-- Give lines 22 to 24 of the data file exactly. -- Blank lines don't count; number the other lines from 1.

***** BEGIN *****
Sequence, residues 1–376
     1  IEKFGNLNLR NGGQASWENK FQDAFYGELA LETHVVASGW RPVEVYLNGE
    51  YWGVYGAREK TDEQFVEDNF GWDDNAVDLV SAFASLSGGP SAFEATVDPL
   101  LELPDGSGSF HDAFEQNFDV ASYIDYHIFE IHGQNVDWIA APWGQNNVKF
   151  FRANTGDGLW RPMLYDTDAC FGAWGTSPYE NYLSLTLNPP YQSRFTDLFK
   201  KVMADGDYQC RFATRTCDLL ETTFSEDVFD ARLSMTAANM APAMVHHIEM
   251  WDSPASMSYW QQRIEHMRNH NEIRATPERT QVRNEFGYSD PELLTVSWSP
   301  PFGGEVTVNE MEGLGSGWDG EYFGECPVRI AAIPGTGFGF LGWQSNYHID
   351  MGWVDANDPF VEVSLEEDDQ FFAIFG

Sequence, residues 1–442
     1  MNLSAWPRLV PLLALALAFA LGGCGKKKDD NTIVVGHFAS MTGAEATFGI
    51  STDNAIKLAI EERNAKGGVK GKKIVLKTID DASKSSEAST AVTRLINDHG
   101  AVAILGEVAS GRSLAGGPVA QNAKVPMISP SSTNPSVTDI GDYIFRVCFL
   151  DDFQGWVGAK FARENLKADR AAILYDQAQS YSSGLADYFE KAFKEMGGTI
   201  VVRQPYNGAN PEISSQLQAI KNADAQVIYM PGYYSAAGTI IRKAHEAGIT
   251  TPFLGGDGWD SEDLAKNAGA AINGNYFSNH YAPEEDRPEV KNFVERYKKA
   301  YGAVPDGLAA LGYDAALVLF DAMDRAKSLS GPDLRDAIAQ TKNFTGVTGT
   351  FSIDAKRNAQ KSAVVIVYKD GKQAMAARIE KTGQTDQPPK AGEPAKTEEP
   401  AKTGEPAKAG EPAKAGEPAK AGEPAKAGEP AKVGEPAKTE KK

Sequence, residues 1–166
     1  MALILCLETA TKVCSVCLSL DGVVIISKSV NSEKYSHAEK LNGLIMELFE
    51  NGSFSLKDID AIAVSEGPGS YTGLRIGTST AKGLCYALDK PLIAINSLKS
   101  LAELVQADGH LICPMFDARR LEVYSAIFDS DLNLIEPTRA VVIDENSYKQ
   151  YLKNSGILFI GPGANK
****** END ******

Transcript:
    51  NGSFSLKDID AIAVSEGPGS YTGLRIGTST AKGLCYALDK PLIAINSLKS
   101  LAELVQADGH LICPMFDARR LEVYSAIFDS DLNLIEPTRA VVIDENSYKQ
   151  YLKNSGILFI GPGANK